Why Westpac’s Share Price Has Dropped 5% Today

At time of writing, shares of Westpac Banking Corp [ASX:WBC] have dropped in value by 5% today, trading at $26.33 apiece.

Like the other big four banks, its share price has tumbled over the year due to the Banking Royal Commission:

Westpac Share Price

Source: marketindex.com.au

Westpac’s share price is suffering from two things — the fact that it is trading ex-dividend and a new court ruling that indicates its fine for dodgy lending practices may nearly triple.

WBC is one of the five fatal stocks we detail in this free report. Download here to get the names.

Trading ex-dividend and new court ruling impacting WBC’s share price

Stocks typically trade lower when they are ex-dividend. But today’s most recent and sizable movement could be closely tied to a new court ruling.

Today, Justice Nye Perram of the Federal Court declined to approve the $35 million settlement between ASIC and Westpac.

The initial fine was based on Westpac’s admission that it used the Household Expenditure Measure (HEM), instead of evaluating the customers’ actual expense information.

Around 10,500 home loans under this scheme should not have been approved.

Now, former solicitor-general Justin Gleeson, SC, who was added as an amicus curiae to advice Justice Perram, has argued that Westpac should pay at least a $100 million fine.

This news comes as a blow to the company who has just announced a new notes issue to comply with APRA’s new capital rules. These rules recently hurt the share price of National Australia Bank Ltd [ASX:NAB].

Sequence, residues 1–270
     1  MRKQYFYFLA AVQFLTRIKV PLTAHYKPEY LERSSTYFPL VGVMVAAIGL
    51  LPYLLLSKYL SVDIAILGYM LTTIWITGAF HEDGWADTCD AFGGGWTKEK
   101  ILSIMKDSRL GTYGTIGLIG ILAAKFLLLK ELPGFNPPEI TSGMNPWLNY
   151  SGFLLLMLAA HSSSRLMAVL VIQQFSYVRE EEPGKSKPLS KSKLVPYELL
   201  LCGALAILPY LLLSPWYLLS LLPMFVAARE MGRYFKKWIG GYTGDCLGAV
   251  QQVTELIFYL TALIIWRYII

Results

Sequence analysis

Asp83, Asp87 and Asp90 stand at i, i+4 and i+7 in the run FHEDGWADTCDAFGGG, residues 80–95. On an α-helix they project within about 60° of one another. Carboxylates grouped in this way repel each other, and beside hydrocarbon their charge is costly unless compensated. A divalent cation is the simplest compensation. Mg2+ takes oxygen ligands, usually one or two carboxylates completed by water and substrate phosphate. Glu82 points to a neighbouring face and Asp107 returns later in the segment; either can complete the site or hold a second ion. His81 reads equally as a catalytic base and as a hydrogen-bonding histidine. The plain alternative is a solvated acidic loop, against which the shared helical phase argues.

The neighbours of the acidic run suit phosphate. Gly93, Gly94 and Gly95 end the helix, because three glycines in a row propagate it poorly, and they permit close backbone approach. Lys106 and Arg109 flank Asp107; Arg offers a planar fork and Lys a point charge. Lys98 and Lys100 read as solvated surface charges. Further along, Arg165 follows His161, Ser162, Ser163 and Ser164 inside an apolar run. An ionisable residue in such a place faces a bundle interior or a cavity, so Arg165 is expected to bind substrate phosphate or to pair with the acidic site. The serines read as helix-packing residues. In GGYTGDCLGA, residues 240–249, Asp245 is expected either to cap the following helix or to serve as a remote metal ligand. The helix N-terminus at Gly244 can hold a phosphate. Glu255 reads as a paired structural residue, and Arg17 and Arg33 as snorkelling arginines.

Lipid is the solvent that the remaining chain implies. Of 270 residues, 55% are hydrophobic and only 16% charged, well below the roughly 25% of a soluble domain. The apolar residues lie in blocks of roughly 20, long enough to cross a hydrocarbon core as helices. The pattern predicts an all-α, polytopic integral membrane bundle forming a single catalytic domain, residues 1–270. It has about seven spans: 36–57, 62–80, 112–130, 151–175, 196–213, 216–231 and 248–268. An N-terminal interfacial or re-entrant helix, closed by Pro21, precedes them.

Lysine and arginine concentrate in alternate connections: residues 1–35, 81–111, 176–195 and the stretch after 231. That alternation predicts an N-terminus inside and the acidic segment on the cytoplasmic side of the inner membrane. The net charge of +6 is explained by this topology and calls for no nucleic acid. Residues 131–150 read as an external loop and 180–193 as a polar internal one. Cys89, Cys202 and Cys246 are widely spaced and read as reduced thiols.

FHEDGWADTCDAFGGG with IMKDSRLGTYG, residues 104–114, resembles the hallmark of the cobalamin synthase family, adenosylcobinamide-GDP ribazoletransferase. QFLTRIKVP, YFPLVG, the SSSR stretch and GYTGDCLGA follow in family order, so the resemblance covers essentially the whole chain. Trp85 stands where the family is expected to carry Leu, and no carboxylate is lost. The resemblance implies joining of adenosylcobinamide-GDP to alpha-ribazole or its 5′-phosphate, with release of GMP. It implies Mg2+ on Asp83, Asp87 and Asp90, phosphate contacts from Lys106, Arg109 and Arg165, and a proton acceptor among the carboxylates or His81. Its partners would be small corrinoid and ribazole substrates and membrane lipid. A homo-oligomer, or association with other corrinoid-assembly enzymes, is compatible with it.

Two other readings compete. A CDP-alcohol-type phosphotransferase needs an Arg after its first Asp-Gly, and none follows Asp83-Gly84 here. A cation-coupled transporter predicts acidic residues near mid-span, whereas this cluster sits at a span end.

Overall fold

While Australia and New Zealand Banking Group Ltd [ASX:ANZ] has recently moved to tighten its mortgage lending rules.

Westpac share price may be under pressure for a while longer

With a cloud still over it, the prospects of an increased fine and future punishments emanating from the Banking Royal Commission, Westpac may struggle for the foreseeable future.

With Westpac and the other big four banks all facing reduced net interest margins, profits have been stagnating or declining.

The likelihood of a credit crunch occurring has also increased as Australia will eventually have to face consequences for its interest rate differential with the US.

For now it could be a good idea to avoid shares of Westpac, or at least until the regulatory environment is clearer.


Lachlann Tierney,
For Markets & Money

PS: Along with WBC, there are four other fatal stocks to avoid in our detailed free report. Get the names here.


Lachlann Tierney is a writer for Markets & Money. He has lived and studied in the US, the UK, and Australia. With an MSc from London School of Economics (LSE) he brings a strong grasp of geopolitics and world affairs to his analysis. Lachlann is always on the lookout for the news that will give you an edge in tomorrow’s markets.

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